17 Mar Court finds VGastro Bar trio guilty of insulting Buddhism

Written by Mizzima Published in Myanmar Read 6063 times
Sentenced to two years hard labour for insulting religion. U Tun Thurein and U Htut Ko Ko Lwin (C), followed by Mr Philip Blackwood, at Bahan Township court on March 17, 2015. Photo: Thet Ko/Mizzima
Sentenced to two years hard labour for insulting religion. U Tun Thurein and U Htut Ko Ko Lwin (C), followed by Mr Philip Blackwood, at Bahan Township court on March 17, 2015. Photo: Thet Ko/Mizzima

The New Zealand manager of VGastro Bar in Yangon and his two Myanmar business associates have been jailed for two years and six months for insulting Buddhism over an online Facebook advertisement showing a picture of Buddha wearing headphones.

Mr Philip Blackwood, 32, U Tun Thurein and U Htut Ko Ko Lwin were given hard labour for insulting religion, plus six months for disobeying an order from a public servant.

According to a media report, Mr Blackwood shouted to a reporter as he was leaving the court that he would appeal.

Local rights groups have been noticeably quiet following the arrest of the three men and the lawyer for the accused was subject to death threats.

Ahead of the sentencing, one of the accused told media that Mr Blackwood was solely responsible for putting up the Facebook cover photo and that his two business associates were unaware of the posting until the public outcry. Mr Blackwood promptly took down the image in the wake of the outcry.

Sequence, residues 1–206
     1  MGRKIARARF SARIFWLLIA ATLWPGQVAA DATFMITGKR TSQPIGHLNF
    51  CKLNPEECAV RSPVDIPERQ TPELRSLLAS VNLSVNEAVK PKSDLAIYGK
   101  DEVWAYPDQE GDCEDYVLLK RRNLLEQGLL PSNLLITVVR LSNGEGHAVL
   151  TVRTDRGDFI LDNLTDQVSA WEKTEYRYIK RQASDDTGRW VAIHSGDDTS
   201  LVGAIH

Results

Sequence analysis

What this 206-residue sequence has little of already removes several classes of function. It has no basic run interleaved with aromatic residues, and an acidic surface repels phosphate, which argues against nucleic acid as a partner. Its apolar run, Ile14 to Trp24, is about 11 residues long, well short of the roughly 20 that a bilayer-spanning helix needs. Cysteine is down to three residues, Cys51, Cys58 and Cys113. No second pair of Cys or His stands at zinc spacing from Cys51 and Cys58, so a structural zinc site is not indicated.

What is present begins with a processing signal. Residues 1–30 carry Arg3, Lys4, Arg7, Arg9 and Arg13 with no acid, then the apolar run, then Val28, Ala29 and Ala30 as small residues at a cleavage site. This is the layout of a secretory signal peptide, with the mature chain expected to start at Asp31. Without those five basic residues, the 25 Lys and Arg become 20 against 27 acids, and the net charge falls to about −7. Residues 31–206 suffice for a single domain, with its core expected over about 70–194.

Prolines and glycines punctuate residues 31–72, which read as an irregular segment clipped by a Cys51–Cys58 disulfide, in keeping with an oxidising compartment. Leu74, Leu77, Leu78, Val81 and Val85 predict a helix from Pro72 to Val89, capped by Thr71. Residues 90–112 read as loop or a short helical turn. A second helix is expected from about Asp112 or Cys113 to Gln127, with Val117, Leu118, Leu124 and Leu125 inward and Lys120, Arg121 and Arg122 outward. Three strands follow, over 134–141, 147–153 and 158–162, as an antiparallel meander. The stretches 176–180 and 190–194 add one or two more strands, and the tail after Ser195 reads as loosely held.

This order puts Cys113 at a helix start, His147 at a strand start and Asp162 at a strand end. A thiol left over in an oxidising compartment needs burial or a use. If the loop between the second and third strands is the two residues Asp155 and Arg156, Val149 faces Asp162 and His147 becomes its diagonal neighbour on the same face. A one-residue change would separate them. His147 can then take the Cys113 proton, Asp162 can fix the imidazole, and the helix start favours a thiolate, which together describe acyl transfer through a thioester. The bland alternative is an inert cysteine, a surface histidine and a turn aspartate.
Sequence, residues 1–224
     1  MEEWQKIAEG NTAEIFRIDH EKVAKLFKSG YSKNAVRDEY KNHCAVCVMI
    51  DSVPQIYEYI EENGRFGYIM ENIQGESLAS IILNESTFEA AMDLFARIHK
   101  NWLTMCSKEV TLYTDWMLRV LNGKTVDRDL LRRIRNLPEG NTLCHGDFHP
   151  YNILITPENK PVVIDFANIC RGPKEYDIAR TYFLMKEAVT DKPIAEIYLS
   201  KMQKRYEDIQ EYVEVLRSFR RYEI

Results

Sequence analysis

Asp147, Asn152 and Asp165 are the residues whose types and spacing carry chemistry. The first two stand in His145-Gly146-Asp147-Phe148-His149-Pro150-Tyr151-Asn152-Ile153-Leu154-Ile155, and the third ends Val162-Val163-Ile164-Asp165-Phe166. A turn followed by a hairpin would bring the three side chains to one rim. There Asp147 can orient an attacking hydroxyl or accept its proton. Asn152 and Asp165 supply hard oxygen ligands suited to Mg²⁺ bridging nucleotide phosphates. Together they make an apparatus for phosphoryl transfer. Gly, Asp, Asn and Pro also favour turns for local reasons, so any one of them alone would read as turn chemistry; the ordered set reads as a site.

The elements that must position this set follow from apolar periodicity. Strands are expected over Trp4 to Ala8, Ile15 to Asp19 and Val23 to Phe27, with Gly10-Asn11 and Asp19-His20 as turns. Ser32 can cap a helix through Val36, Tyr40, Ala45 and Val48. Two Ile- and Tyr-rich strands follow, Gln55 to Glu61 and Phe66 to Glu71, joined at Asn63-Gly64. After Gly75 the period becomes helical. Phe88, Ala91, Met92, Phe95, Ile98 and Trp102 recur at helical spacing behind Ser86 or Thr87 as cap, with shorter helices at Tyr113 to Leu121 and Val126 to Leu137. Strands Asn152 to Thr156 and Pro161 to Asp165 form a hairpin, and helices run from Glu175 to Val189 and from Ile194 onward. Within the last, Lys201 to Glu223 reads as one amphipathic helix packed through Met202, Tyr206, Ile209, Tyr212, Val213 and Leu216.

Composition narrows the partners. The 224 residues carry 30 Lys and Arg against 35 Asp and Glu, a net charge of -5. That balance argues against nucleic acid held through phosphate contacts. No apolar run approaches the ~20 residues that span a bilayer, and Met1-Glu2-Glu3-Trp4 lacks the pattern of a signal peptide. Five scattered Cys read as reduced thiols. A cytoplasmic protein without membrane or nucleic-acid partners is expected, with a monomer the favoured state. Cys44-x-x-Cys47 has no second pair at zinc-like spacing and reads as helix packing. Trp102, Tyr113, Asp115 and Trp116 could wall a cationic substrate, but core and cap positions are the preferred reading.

Amnesty International was quick to condemn what it called “another blow to freedom of expression.”

“It is ludicrous that these three men have been jailed simply for posting an image online to promote a bar. They should be immediately and unconditionally released,” said Mr Rupert Abbott, Amnesty International’s research director for South East Asia and the Pacific.

“Today’s verdict is yet another blow to freedom of expression in Myanmar. While international human rights law permits restrictions to the right to freedom of expression, these restrictions are clearly defined and limited in scope. There is no way that the charges and prosecution in this case can meet the narrow human rights criteria for restricting this right under international human rights law.”

Mr Phil Robertson, deputy Asia director of Human Rights Watch, also expressed concern over the sentencing.

“That these three men acted in a culturally insensitive way by posting the Buddha with headphones image on Facebook is obvious, but that is nothing they should have been hauled into court for, much less sent to prison. What this shows is freedom of expression is under greater threat than ever in Burma [Myanmar] just as the country heads into a pivotal election year. The authorities should accept the heartfelt public apology of the three men, vacate the conviction, and order them to be released immediately and unconditionally, and the Religion Act should be amended to bring it into compliance with international human rights standards,” he said

Mark Farmaner, director of Burma Campaign UK, told Mizzima: “This conviction is all about the government playing to Buddhist nationalists ahead of the election. How can posting an image of Buddha wearing headphones on Facebook be considered defaming Buddhism, but shooting and torturing monks and attacking monasteries in 2007 isn’t?”

Mr Farmaner refers to the harsh treatment by Myanmar authorities of Buddhist monks active during street protests in 2007.

Myanmar has seen a disturbing rise in religious intolerance in recent years, often fuelled by hardline Buddhist nationalist groups, leading to increased hostility and discrimination against non-Buddhists and Muslims in particular.

Last modified on Tuesday, 17 March 2015 16:11